This week's Mad Men episode has got to be the most bizarre yet. I was looking forward to Don and Pete's trip to L.A. (especially for the fashion and sets!) but did not see Don's little sojourn into an eerie little "family" coming. The mood in L.A. is surreal and exotic, with the figures around Don often moving around him in slow motion, making his departure from the realities and responsibilities of his life all the more creepy.
Back in New York, Roger and Jane get extremely serious and move their relationship to the next level even as Roger stares down what I'm guessing will be a nasty divorce. Also, Peggy gets a mini-makeover, Bob Dylan is the hot concert ticket in town, and someone comes out of the closet in the Sterling-Cooper break room. Ready to chat about this fascinating episode? Just read more.
Don Draper: Do we even call him Don still?! By the end of the episode he is speaking as Dick Whitman. . . but I'm getting ahead of myself. Los Angeles is, as expected, totally awesome in terms of a new swinging set of people and fabulous fashion. There's an interesting scene in the poolside bar when Don thinks he sees Betty but it turns out to be some other blonde. Pete's digging the pool scene but Don cracks the whip and makes him work only to ditch him later for a young (really young), mysterious woman named Joy who hangs out with a Count named Willy. Um, yeah. The Palm Springs abode is a den of temptations and offers Don a chance to indulge in a life without strings attached — even Joy explains she wouldn't expect him to be faithful sexually. The song at the end of the episode has the lyrics, "What'll I do?" and the sight of Don's luggage arriving on a quiet Draper doorstep makes me feel ill about what his choice might be.
Peggy Olson: Aw, Peggy. She's getting more respect at the office in some ways but we finally see how confused she is about other aspects of life, like men. It's interesting to compare the sophisticated way Jane uses her sexuality at such a young age to dazzle Roger and Peggy's innocent question, "I don't know why I pick the wrong boys. What's wrong with me?" I love her budding friendship with Kurt ("I fix you") and love her haircut even more. Of course, Pete notices her new 'do as soon as he returns. I hope Kurt helps Peggy become less insecure and I hope the Mad Men folks give her a cute straight boy to go to concerts with soon.
Some more thoughts:
- How's this for coming out of the closet in the office during the early '60s? "I make love with the men, not the women." It was an awesome moment followed by homophobic slurs and jokes (once Kurt left the room, of course). Poor Sal's face broke my heart in two.
- Duck's fighting for his life and drinking again. He's been a truly sad and pathetic character thus far so I'm glad to see him find his mojo in the firm. I find his desire to take over Sterling-Cooper very interesting. With three weeks to go you know things are going to get nuts now that this little plot has been seeded.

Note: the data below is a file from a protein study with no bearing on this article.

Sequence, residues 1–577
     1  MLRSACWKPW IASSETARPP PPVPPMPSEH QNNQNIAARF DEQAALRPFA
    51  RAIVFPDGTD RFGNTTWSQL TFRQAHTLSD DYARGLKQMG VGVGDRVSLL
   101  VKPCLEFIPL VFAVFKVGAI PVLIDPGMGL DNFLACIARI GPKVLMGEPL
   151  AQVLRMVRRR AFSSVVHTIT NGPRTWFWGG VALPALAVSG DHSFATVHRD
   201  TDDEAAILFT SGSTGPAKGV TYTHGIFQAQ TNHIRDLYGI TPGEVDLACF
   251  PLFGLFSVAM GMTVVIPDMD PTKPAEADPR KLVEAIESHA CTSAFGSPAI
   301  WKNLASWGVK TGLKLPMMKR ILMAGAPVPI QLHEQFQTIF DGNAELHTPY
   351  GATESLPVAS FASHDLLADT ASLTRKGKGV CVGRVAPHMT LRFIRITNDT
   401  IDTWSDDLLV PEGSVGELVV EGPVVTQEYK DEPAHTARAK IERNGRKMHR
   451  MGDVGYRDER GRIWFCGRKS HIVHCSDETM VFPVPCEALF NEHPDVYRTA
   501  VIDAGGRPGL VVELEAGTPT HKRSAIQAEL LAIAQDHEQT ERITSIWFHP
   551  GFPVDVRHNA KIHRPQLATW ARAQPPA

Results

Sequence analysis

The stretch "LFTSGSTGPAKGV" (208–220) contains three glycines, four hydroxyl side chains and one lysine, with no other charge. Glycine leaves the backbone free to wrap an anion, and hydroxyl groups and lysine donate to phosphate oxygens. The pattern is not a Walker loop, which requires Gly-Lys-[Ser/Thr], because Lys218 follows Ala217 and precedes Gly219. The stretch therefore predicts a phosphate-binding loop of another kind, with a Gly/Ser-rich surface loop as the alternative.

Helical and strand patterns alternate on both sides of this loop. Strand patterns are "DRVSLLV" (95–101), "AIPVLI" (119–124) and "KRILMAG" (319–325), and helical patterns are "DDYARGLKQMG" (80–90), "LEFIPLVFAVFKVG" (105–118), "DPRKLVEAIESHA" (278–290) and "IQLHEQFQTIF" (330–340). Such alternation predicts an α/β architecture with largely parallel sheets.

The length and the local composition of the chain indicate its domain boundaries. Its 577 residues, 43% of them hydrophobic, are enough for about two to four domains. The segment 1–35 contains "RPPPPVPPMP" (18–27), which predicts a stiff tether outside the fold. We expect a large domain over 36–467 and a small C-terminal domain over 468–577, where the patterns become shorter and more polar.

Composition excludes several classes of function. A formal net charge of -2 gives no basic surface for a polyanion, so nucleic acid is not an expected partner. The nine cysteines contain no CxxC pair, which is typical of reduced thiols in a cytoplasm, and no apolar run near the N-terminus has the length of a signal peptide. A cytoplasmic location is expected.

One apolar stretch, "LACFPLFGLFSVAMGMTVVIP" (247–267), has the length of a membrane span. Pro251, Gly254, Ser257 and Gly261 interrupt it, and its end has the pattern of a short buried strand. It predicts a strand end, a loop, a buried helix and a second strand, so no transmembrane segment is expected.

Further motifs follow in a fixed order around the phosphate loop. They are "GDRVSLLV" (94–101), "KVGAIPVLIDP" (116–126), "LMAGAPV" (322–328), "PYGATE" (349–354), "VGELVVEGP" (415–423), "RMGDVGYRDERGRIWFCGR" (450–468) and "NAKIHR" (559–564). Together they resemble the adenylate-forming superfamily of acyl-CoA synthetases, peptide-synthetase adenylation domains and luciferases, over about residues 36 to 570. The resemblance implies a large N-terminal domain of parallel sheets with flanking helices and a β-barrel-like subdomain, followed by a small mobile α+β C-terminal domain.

- The staging of the scenes in this show is so magnificent sometimes. I was struck by the final shot of Don from behind, sitting on the couch in Palm Springs with his arm draped along the top of the couch — a replica of the black silhouette we've come to associate with the show.
- In both Don and Roger's scenes the women's ages come up. They're really young. I have to admit this skeeves me out, big-time.
- Back in L.A. I noted the scene where Joy asks Don if he's ever had Mexican food and he says no. In this day and age, I can't imagine a world where Americans have never heard of Mexican food! And frankly, that's not a world I want to live in. Mmm. . . burritos.
- I still love the business-related scenes where the creatives brainstorm around brands like Right Guard. It's so hilarious to hear them position these products at this early stage ("Men will be men," and "Women smell bad, too").
- The episode opens on a pretty chilling scene: Don and Pete watch a scientist gleefully explain America's new missiles, excitedly talking about limiting second strike capabilities via total annihilation of cities. If I had to sit through that presentation I might have hopped in a car to Palm Springs with a total stranger too, truth be told.
- So, ew. Joy is Willy's daughter and he is quite involved in her sex life. Creeps-ville!
- How amazing is it going to be when Joan finds out about Jane and Roger?!
What did you think of last night? Was it weird to not see Betty at all while Don is off in the Garden of Eden with a 21-year-old? And who did he call in the end? Do you think Roger will go through with this marriage to Jane? Or will the divorce get too expensive?
Photos courtesy of AMC